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Berkshire makes huge COVID provisions for commercial, reinsurance arms

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US conglomerate Berkshire Hathaway has made huge provisions for potential losses and claims from the pandemic, denting the underwriting results of its commercial insurance and reinsurance business for the second quarter.

The Berkshire Hathaway Primary Group, which provides commercial solutions, recorded a fall in pre-tax underwriting earnings to $US96 million ($96 million) in the June quarter from $US167 million ($232 million) a year earlier.

Losses and loss adjustment expenses cost the division about $US1.58 billion ($2.2 billion) during the period while premiums written fell 9.3% to $US2.15 billion ($3 billion).

For Berkshire Hathaway Reinsurance Group’s property and casualty unit, the business made a pre-tax underwriting loss of $US643 million ($892 million) compared with a $US198 million ($274 million) profit a year earlier. Premiums written rose 28.7% to nearly $US3 billion ($4.2 billion).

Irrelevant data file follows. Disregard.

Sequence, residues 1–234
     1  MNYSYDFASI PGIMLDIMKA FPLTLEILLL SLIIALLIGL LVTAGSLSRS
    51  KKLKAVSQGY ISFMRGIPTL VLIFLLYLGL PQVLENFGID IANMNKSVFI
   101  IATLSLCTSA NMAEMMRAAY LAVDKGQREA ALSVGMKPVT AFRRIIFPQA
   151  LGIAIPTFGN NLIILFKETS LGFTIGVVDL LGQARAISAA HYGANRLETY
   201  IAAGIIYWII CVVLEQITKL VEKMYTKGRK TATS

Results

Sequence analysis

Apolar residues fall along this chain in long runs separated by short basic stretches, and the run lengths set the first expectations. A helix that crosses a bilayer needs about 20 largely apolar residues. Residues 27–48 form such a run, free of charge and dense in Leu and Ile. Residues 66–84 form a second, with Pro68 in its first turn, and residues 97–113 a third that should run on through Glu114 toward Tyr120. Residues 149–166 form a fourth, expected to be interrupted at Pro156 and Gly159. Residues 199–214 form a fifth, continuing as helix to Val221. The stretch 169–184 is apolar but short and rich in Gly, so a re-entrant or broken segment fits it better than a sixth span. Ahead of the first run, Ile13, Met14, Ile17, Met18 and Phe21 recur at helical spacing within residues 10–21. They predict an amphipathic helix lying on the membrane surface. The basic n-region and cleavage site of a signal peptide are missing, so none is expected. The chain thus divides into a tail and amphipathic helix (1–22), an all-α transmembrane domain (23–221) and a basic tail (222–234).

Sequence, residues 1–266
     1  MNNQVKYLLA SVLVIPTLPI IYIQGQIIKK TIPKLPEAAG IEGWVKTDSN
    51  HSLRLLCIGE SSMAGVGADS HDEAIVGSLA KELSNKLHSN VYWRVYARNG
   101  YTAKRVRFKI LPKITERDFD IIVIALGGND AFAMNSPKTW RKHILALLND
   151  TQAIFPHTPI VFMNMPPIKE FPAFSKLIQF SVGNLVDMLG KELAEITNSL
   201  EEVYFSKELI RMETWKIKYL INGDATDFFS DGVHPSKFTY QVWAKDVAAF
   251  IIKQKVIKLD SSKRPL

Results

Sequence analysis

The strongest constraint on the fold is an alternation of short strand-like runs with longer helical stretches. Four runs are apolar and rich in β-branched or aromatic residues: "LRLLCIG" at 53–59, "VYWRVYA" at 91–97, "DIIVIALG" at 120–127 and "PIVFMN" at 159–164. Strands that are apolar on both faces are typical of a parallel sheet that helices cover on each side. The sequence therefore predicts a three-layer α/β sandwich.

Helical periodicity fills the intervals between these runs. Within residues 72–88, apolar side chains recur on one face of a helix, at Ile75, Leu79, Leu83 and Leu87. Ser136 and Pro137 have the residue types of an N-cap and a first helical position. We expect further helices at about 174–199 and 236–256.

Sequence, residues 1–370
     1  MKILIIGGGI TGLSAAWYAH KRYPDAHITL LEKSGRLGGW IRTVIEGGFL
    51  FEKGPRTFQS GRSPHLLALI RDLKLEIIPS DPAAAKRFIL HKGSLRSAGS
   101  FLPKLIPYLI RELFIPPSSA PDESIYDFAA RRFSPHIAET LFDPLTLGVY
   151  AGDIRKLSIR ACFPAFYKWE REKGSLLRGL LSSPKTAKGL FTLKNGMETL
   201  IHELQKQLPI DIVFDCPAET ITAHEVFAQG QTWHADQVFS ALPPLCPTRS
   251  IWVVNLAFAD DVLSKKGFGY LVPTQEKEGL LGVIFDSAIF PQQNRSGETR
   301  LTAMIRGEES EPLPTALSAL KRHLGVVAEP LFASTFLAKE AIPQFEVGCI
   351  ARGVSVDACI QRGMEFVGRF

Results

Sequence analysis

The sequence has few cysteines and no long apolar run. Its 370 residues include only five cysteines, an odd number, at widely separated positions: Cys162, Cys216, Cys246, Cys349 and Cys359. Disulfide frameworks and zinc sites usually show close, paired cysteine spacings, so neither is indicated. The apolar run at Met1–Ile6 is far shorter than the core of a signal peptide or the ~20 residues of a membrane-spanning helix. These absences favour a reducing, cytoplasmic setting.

The results were impacted by a 77.1% rise in losses and loss adjustment expenses increased to $US2.58 billion ($3.6 billion). Berkshire Hathaway says the losses and loss adjustment expenses reflect estimated COVID-19 related claims of around $US350 million ($486 million) in the second quarter and $US575 million ($798 million) in the first six months of 2020.

“Underwriting results in 2020 of our commercial insurance and reinsurance businesses were negatively affected by estimated losses and costs associated with the COVID-19 pandemic,” the group said. “These include estimated provisions for claims and uncollectible premiums and incremental operating costs to maintain customer service levels at certain underwriting units.”

The business warns the potential effects of the pandemic “may be further affected by future judicial rulings and regulatory and legislative actions pertaining to insurance coverage and claims that we cannot reasonably estimate at this time”.

Geico, its motor insurance arm, increased its pre-tax underwriting profit to $US2.06 billion from $US393 million. The results reflected significant declines in losses and loss adjustment expenses attributable to lower claims frequencies from the effects of less driving by policyholders during the pandemic.

The insurance businesses made $US806 million ($1.2 billion) in overall underwriting earnings for the June quarter, up from $US353 million ($489 million) a year earlier.